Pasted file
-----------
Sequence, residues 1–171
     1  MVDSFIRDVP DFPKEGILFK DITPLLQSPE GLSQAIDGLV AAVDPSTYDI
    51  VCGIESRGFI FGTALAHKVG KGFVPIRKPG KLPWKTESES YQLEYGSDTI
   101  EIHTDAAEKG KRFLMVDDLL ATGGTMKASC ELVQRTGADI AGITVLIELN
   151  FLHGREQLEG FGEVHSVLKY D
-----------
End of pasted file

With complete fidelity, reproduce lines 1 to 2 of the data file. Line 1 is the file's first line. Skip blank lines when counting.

Sequence, residues 1–171
     1  MVDSFIRDVP DFPKEGILFK DITPLLQSPE GLSQAIDGLV AAVDPSTYDI